The Duggar's, Bruce 'Caitlyn' Jenner and the Problem with Celebrity Seeking

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Chelsen Vicari serves as the Evangelical Program Director for the Institute on Religion and Democracy.

Famous figures Josh Duggar and Bruce (now Caitlyn) Jenner have captured the nation's headlines. Duggar's molestation of his sisters and a babysitter during his childhood is discovered. Jenner's transition from one gender identity to another is revealed. Both news stories unfolded right before our eyes. Both capture our fascination. Both bait our mouse clicks, every time. Why?

While Duggar and Jenner are two different people involved in two very different and morally inequivalent situations, they can still be illustrative of the dangers of the pursuit of celebrity.

The pursuit of celebrity is an idol that urges us on promising fulfillment, affirmation, and a claim in society. It doesn't always deliver.

For Duggar, the promise was an elevated spotlight in a conservative pro-family movement. A position most 20-somethings from Arkansas would need to work 'round the clock, on a shoe-string budget before finally attaining.

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(Photo: Youtube Screenshot/ file)A screengrab from Josh and Anna Duggar's pregnancy announcement video.

For Jenner, the promise is a banner of valor, lucrative endorsements, and a new reality TV show separate from the Kardashian clan.

As we see in the case of reality television, celebrity can ultimately be turned on us and can tear us down pretty far. Indeed, there are consequences of the pursuit of celebrity.

First, celebrity seeking has the potential to hurt people that never wanted to be involved in the first place.

Few commentators have stopped to consider how the Duggar daughters or Jenner kids feel about the worldwide unraveling surrounding their families' personal confusion, frustration, abuse, trauma and healing.

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ABC NewsBruce Jenner talks with Diane Sawyer on ABC's 20/20 in April of 2015.

During an interview with Fox News' Kelly File on Wednesday, host Megyn Kelly asked the Duggar parents how their daughters were affected by the public release of information surrounding their molestation by brother Josh. "They were crushed…Every victim should have the right to tell their own story, not a tabloid," replied Jim Bob Duggar.

Jenner feels certain in his new identity as a trans-woman. However, he has yet to discuss the emotional toil his identity decision has taken on his sons and daughters. Yes, there will be plenty of Tweeters who rush to defend Jenner's identity crisis. But if we were really honest, and Jenner was our dad, how many of us would struggle to understand our father's gender transition? Would we wrestle with anxiety, rejection, or pain? Probably.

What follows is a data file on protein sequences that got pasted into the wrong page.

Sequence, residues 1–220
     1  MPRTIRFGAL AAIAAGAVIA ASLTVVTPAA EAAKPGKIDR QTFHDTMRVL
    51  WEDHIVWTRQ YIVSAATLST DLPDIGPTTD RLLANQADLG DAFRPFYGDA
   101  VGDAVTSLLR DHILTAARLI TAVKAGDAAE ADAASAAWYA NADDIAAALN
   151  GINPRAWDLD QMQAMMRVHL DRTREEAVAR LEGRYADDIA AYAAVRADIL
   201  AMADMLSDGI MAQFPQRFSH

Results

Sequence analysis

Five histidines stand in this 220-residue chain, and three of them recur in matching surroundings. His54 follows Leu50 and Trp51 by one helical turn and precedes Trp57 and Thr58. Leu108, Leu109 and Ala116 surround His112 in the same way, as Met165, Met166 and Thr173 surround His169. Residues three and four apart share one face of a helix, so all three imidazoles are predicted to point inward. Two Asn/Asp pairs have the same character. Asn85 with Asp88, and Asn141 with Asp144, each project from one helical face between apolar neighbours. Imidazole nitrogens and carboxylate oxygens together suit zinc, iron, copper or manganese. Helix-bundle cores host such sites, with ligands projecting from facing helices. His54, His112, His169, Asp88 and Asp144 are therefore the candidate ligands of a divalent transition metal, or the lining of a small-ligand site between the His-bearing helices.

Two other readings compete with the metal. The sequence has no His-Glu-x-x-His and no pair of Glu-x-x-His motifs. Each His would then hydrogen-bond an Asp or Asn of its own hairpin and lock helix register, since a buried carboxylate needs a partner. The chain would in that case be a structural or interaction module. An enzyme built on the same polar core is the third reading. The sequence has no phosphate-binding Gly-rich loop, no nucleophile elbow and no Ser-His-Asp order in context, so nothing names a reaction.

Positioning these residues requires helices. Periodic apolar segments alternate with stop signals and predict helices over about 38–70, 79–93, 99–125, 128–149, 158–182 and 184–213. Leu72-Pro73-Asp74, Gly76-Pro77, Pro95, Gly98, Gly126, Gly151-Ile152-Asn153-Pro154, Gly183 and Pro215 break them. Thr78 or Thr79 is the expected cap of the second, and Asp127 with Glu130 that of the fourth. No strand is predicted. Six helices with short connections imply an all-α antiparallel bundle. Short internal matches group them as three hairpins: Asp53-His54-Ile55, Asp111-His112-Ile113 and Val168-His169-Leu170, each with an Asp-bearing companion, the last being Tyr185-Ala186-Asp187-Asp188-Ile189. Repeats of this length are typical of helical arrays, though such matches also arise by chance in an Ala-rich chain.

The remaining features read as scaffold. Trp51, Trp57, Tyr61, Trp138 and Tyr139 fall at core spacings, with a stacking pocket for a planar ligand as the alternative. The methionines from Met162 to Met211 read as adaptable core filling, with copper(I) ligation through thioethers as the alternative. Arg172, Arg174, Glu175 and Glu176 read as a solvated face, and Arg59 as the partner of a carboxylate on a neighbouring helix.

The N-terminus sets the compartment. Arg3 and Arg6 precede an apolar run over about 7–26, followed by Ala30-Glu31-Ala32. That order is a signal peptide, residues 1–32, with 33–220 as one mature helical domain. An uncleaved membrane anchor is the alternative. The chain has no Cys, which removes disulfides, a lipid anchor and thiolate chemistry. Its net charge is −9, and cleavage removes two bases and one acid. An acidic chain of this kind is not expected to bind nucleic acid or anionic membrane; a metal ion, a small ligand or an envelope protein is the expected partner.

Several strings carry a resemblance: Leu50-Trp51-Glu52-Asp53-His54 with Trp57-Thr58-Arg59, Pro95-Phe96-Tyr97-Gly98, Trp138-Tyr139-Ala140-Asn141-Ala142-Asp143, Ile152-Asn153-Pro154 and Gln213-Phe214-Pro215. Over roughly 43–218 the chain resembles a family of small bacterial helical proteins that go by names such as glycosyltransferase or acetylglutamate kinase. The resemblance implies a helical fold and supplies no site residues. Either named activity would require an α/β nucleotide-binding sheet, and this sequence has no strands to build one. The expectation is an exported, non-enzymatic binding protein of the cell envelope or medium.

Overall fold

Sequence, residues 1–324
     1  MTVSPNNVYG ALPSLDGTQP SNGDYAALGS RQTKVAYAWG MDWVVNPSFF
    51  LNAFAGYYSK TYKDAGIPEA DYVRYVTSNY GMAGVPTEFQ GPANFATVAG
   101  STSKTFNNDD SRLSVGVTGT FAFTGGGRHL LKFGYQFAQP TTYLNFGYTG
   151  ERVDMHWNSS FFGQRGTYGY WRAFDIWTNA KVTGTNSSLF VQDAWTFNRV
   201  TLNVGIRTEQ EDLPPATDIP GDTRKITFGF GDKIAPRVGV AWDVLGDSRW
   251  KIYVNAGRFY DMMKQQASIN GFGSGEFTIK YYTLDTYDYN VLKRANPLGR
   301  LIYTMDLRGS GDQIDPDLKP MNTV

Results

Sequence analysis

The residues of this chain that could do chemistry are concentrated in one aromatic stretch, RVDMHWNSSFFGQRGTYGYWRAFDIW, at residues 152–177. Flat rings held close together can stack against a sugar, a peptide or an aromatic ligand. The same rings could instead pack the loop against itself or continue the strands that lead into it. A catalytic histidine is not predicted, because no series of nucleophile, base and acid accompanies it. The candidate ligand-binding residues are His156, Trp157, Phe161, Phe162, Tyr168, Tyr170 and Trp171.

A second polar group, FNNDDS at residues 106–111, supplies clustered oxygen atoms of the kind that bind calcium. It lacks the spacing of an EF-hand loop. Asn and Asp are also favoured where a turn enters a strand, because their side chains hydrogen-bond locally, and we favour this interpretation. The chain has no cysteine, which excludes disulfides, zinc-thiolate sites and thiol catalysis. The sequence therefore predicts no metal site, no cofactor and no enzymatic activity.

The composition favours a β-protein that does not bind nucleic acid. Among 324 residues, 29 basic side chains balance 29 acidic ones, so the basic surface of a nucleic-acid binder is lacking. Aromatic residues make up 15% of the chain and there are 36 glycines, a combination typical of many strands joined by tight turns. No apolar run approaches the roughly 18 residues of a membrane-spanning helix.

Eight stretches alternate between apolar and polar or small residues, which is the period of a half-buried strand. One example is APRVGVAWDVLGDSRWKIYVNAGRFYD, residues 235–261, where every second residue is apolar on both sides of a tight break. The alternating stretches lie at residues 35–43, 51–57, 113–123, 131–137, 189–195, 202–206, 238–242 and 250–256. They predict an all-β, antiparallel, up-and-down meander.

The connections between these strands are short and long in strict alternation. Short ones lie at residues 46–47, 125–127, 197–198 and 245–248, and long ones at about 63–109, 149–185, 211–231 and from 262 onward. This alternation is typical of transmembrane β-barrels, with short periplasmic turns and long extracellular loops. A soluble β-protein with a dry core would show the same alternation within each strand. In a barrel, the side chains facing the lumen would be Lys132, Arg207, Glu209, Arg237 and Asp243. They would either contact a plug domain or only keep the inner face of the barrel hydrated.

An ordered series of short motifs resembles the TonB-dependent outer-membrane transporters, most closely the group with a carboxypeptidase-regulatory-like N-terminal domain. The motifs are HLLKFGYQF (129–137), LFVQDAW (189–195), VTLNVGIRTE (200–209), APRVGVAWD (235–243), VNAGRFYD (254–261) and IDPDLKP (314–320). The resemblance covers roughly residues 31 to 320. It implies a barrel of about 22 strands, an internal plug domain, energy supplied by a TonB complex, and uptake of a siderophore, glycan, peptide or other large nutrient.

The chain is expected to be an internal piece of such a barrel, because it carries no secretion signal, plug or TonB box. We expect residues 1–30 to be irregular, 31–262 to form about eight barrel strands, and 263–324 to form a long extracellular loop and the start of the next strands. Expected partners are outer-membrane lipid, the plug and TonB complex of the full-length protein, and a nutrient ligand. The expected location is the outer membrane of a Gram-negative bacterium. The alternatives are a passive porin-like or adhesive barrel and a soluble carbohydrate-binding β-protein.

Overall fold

Another problem with celebrity seeking is it encourages us to exchange our well-intentioned motivations with self-serving ambitions.

It doesn't matter if we are talking about the Duggar's, the Jenner's or the Smith's down the street. As Christians we have to stop and consider how living out our private lives on millions of TV and computer screens might cause us to elevate our goals, our pride, and our selves before the Almighty.

A.W. Tozer's writings compiled in The Dangers of a Shallow Faith, offer comment on the "cult of celebrity" offering:

Now we look to celebrity to dazzle us. For some reason, we assume that carnal entertainment is the appropriate replacement for the sanctified adoration of the Most High. All of this worldly talent celebrity status is foreign to the New Jerusalem. No cheap thrill can ever replace the ecstatic thrill of knowing Jesus Christ.

What this generation of Christians needs is not religious entertainment to satisfy carnal appetites; rather, it needs some biblically based literature that challenges and stirs the soul to deeper appreciation of God and Christ and the whole plan of salvation. It is true that what we feed is what grows. If we feed the carnal nature and its appetite, that will be the overpowering aspect of our life. If we feed the spiritual, our appetite for the things of God will grow.

I've heard it said that reality TV is the Roman Colosseum of our day. This comparison seems reasonable. Still, some people assume their celebrity status is cheered on by their audience. Remember, that is not always the case.
In the world's eyes, the higher the celebrity status, the more entertaining the fall.

Chelsen Vicari serves as the Evangelical Program Director for the Institute on Religion and Democracy. She earned her Masters of Arts in Government from Regent University and frequently contributes to conservative outlets. Follow her on twitter @ChelsenVicari.